CONTRIBUTORS

Out of the rhetoric

Posted April 26, 2012, at 5:22 p.m.

Strong leadership does not inspire fear. In fact, in politics it motivates people to stand up and do what is right, even in the face of well organized opposition, and loud, often divisive rhetoric. Legislators who recently stood with Gov. Paul LePage on his two line-item vetoes did just that, they stood up and said enough is enough when it comes to defying federal rules and condoning Maine’s explosive growth in welfare spending.

Our organization strongly disagrees with the BDN’s April 24 “Out of the veto morass” editorial. The opening sentence of the editorial declared that “Legislative leaders and Gov. Paul LePage have gotten themselves into a bad place.”

To the contrary, legislative leaders and Gov. LePage found Maine in a “bad place” upon taking office and are doing everything they can to get us out. The “bad place” now described by the BDN is one created by their political opposition and the press in an attempt to score political points and continue Maine’s unbridled welfare spending binge.

The piece relied upon a faulty premise from the beginning — that Republican legislators fear the governor — and built upon that premise to spin a perfectly false narrative.

The governor’s line-item vetoes, and the veto message delivered along with them clearly made the governor’s case to the Legislature.

The welfare spending targeted by one line-item veto had more than doubled in five years, from under $7 million in 2008 to a projected $14.3 million in 2013. A very small group of communities receive 90 percent reimbursement for their welfare programs while all others are reimbursed at only 50 percent. Why should taxpayers across the state subsidize welfare at a greater rate in some communities while carrying a heavier burden for welfare in their own hometowns?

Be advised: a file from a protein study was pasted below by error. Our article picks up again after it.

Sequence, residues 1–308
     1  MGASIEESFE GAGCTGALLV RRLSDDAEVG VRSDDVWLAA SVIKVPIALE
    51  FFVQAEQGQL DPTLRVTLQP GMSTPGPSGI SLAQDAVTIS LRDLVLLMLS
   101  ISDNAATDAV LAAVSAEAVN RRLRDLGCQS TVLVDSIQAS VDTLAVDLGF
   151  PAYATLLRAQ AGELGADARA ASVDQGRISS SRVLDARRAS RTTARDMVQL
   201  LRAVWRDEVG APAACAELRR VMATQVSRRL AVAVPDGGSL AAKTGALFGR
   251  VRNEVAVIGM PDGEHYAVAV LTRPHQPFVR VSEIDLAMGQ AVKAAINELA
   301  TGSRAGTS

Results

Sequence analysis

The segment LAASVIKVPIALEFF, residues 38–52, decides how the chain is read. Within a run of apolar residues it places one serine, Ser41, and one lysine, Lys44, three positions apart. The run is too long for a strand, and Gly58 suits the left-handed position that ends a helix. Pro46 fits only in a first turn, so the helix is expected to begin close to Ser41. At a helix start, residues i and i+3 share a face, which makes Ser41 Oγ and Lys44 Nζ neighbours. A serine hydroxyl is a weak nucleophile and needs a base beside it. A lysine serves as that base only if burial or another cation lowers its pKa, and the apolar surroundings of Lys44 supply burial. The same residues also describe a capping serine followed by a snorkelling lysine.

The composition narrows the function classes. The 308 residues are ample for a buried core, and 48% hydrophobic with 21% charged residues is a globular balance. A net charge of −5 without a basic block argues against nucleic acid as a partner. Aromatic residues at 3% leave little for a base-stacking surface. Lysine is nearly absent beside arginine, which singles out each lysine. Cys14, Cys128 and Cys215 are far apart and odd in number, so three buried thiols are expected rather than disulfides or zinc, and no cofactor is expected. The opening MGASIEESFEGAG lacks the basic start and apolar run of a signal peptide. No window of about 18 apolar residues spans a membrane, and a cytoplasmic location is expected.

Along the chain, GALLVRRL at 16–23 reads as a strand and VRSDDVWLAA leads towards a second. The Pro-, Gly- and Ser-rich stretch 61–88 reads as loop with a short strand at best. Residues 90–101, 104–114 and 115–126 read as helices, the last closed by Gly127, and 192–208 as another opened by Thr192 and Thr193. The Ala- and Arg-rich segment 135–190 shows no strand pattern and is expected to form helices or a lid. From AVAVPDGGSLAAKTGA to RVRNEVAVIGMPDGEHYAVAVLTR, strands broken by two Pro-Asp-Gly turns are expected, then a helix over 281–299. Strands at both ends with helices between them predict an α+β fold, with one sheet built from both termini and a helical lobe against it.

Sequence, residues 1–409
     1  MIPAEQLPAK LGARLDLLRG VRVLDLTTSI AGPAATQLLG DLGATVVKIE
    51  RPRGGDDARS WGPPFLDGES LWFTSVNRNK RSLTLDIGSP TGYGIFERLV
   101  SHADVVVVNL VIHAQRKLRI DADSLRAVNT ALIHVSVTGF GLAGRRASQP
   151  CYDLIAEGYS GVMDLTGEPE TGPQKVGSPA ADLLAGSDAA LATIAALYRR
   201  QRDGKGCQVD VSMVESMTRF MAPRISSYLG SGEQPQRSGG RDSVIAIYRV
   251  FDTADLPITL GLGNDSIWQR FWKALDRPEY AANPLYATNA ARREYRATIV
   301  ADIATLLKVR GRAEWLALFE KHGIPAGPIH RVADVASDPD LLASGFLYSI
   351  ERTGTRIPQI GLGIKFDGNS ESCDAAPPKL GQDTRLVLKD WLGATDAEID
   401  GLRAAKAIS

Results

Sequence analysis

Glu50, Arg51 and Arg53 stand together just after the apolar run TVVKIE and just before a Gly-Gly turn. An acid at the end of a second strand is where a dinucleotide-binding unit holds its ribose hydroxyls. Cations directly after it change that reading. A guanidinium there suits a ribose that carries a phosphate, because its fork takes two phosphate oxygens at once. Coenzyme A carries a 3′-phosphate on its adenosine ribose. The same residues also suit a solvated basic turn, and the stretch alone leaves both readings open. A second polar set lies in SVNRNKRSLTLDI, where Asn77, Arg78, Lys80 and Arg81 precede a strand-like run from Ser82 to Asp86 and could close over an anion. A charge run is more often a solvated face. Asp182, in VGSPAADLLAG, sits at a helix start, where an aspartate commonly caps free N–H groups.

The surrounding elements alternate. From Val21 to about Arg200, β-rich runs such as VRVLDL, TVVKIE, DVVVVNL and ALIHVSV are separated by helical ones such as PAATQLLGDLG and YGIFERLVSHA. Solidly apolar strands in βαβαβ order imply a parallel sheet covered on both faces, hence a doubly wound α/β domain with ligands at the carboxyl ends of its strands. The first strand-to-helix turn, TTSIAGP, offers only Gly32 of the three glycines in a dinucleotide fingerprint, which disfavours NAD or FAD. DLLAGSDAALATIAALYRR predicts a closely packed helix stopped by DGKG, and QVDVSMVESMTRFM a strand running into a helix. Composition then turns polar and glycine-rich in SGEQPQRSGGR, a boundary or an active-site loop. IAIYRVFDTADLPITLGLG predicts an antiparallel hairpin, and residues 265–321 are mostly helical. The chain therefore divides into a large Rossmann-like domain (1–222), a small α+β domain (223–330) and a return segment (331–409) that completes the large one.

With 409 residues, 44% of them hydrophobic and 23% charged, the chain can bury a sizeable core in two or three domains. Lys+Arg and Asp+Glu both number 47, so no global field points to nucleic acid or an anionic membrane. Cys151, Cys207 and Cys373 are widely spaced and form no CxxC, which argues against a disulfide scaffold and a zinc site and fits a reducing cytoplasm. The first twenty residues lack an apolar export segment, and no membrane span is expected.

The DSH or disproportionate share funding targeted by the second line-item veto clearly stands in violation of federal rules. It would put Maine taxpayers on the hook for future lawsuits and expose them to liability to repay misspent funds. This is something Maine taxpayers have already been forced to do in previous years when grabbing federal funding was more important to Augusta than obeying the law or protecting taxpayers.

Clearly, the Republicans in the Legislature carefully considered the case presented to them by the governor through his veto message and agreed with him. This demonstrates leadership on the governor’s behalf, not the legislature’s fear of the governor.

The taxpayers of Maine certainly do not approve of using dishonest methods to draw down federal funds which we will be forced via lawsuit to repay in the future. They have already watched hundreds of millions of their tax dollars misspent and wasted during the King and Baldacci administrations.

The taxpayers of Maine certainly do not approve of the explosion of welfare spending Maine has endured over the past decade. If they did, they would have voted for the status quo in 2010.

It is clear that nothing, perhaps not even a sober assessment of Maine’s current financial situation will change the narrative on the BDN’s editorial page.

Continuing the old tax-and-spend policies would inevitably damage Maine employers, the BDN included, through a loss of economic vitality across Maine and because of the tough choices Maine families are forced to make when government continually demands more of their hard-earned money.

Unlike efforts in Augusta to bring a new energy, vision and prosperity to Maine’s economy, “Out of the veto morass” presented nothing new, just stale old anti-LePage rhetoric ignoring the fact that Maine can’t afford runaway welfare spending.

Jason Savage is executive director of Maine People Before Politics, a statewide organization dedicated to supporting policies that benefit all Maine people.

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